Plays by Deborah Freeman

I have completed `Remedies,` a play about M E.  Background research...

Writing Groups

I am setting up a new writing group in East Finchley, to be held in the atmospheric location of an East Finchley...

Novels by Deborah Freeman

 A few years back. I answered an ad on the Radio 3 website, from the conceptual art company, Blast Theory...

Poems by Deborah Freeman

These appeared in the journal Jewish Renaissance, 2008.  `Fish.` `Fasting.` `Open a Gate for Us. ` `After the...

Under the Palm Tree Blog

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3 days 9 hours ago

 Saw a lovely Israeli film last week. The Women`s Balcony. I think it is part of the UK Jewish Film Festival. Then...I saw notices about another film. Menashe. I heard good things about it. I looked at a review. Then I thought - my goodness, no, here`s another one. Am I the only person, man or woman, who notices the prevalence of this plot line? Wife or mother dies....heroic man has to keep going? Of course this happens, of course it does, and of course we grieve profoundly when it does. But how many films are made, plays written, novels written, major ones, in which a husband or a father dies, and a courageous woman holds it together against the odds, keeps going? I seem to be the only person who notices the unbelievable ubiquity of this plot line. If I was younger I would do a Ph D on the subject. If anyone is volunteering I will be your research assistant. PS And don`t tell me it has nothing to do with the casting issue re actresses and age....

I also have a wider theory... For centuries women did indeed perish in chidbirth. Concerned writers, mostly male, consciously or otherwise, morphed while no-one was paying attention, to using the same template, even though in the decades between the nineteenth century and now maternal mortality has plummeted.

And as this blog appears to be a Complaining One, here is my second New Year Grumble. It concerns all those people, half a dozen of them, who have told me, in the last year, that they will be in touch shortly, and then aren`t. In an age of email and mobile phones, to fail to reply to a polite email is unforgiveable! (And in the case of U C, J L, D H, P R, 2 emails!)

7 weeks 3 days ago

Between the last production of a play of mine in the UK ( The Song of Deborah in Hebrew translation was last year in Jerusalem,) several years have gone by. In those years I completed my novel, Mrs Faust, and completed, reworked, reworked again the full-length play The Scapegoat, which had two rehearsed readings, but then I decided to let it lie. (Lie in a drawer for now.)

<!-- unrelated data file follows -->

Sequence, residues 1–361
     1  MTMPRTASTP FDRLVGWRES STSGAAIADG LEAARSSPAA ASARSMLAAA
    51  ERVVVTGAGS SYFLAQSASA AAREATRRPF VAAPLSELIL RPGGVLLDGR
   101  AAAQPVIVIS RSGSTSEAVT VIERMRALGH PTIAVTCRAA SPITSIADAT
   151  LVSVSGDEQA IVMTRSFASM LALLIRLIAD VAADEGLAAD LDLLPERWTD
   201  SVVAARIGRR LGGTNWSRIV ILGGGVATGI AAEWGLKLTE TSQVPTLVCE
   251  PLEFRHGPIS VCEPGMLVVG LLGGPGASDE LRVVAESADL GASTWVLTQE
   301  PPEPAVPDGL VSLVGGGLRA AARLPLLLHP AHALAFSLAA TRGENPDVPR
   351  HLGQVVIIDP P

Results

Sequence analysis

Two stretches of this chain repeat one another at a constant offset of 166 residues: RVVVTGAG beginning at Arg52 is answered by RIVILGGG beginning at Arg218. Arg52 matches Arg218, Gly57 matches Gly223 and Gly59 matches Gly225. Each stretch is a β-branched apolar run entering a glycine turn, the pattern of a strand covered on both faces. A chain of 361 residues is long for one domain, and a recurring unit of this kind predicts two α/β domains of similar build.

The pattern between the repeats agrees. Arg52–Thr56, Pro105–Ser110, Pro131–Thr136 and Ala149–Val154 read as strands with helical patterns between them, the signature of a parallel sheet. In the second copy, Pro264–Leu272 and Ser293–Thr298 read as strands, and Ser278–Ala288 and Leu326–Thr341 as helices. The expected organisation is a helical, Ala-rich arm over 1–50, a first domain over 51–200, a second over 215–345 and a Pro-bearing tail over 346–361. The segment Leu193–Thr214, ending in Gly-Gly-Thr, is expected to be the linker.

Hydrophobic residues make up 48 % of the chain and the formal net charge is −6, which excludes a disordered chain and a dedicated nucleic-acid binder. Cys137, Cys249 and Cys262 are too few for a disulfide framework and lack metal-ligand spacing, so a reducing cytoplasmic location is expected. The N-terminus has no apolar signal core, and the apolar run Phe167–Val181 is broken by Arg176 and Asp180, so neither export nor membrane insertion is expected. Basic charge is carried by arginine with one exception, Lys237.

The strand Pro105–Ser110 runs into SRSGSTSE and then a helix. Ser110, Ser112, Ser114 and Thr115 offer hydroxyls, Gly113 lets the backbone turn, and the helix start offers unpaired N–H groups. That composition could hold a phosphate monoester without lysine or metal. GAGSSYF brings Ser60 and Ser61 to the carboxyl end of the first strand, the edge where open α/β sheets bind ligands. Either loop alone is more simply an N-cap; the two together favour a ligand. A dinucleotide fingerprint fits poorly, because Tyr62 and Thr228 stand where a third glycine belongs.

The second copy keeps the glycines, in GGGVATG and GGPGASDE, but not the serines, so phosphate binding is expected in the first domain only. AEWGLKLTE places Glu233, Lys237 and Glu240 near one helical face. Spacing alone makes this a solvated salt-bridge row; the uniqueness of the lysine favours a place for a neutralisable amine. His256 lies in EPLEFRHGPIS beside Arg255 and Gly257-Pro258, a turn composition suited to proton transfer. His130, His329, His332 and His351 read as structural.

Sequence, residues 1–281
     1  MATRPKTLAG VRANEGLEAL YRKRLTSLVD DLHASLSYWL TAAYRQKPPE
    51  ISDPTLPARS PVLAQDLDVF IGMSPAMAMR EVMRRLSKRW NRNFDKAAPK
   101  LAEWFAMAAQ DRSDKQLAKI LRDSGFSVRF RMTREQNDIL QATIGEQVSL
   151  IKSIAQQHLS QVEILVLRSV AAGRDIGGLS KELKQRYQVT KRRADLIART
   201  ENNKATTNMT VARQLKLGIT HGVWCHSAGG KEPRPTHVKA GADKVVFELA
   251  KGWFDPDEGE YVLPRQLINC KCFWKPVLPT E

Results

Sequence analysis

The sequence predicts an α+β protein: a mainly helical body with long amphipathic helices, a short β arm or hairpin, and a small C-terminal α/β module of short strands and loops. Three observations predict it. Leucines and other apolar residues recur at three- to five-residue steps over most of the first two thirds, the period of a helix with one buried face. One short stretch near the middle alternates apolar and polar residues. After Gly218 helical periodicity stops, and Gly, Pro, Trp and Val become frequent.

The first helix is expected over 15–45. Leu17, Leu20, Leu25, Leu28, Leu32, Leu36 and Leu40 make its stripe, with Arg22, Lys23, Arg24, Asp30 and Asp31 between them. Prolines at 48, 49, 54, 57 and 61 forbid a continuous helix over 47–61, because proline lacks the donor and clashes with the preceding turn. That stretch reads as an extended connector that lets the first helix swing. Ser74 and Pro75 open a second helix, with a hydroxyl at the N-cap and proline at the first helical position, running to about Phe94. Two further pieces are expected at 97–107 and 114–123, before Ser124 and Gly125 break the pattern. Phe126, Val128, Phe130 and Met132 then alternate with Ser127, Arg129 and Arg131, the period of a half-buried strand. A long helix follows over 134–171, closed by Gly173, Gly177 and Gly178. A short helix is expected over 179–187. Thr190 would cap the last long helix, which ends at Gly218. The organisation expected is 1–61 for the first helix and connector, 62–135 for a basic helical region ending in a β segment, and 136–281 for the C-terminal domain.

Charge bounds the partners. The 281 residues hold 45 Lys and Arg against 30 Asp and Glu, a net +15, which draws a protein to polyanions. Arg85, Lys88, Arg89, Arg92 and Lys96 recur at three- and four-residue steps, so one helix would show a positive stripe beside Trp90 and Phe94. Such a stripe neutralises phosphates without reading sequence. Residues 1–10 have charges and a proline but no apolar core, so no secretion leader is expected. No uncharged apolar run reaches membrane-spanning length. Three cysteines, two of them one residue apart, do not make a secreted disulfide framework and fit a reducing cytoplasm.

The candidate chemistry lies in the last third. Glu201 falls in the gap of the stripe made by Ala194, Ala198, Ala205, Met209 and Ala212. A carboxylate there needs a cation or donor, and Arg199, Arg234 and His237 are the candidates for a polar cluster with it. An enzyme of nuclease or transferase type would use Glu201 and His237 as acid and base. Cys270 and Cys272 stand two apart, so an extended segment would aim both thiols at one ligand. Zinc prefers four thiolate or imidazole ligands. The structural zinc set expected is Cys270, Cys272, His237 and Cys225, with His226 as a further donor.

Having returned to Remedies, I completed this script. Within weeks, I found interested people. No absolute offer of a production yet, but an all-round positive response. If I stop to count, half a dozen positive responses.  

So I settled down to start a new play, The Cottage - now well underway. 

I have been so immersed in my new characters, as they argue their needs, issues, and things that happen to them, that I have overlooked mentioning, in this website (soon to be updated..) the forthcoming reading of Remedies.

A reading of Remedies by the young company Spark Assembly, next Friday, December 1st, 7.00 pm at Diorama Arts Studios, Drummond Place, London.  Informal, with free  discussion and a drink. Let me know if you are coming. 

12 weeks 2 days ago

October 22nd 2017. Yesterday I attended a reading of this lively play at the Canal Cafe Theatre. A shame I didn`t ask Ursula Campbell, who directed it, where the title came from. 

Call me naive, but I take titles seriously.  I was telling members of a new writing group only the other day – I am reticent about most writing issues, but am outspoken on the topic of titles.

Being the sort of writer I am, I find the title `God is Dead, Let`s Make Love,` makes me think, first of all of Nietzche,  (and how to spell it!) and then about sexual mores in the twenty-first century. The play, written with youthful flow and American wit, is about a married couple who have become polyamorous. Though ..shock one brief moment about half way through, it almost metamorphoses, and lo is almost about an old-time pre-feminist man who is just plain polygamous. This in spite of the fact that the story is not told just from his perspective.

Whatever. It was my first visit to Canal Café, and I was delighted to find, in the cast, Kathryn Worth, who played Julia in the production of my  play Candlesticks, at Pentameters Theatre about ten years ago. Great to meet again. Reminiscences!!

The final message of the play, (read with energy by a lively cast,) was, as I recall: `Love hurts,` which is certainly true for some people some of the time, for others a lot of the time.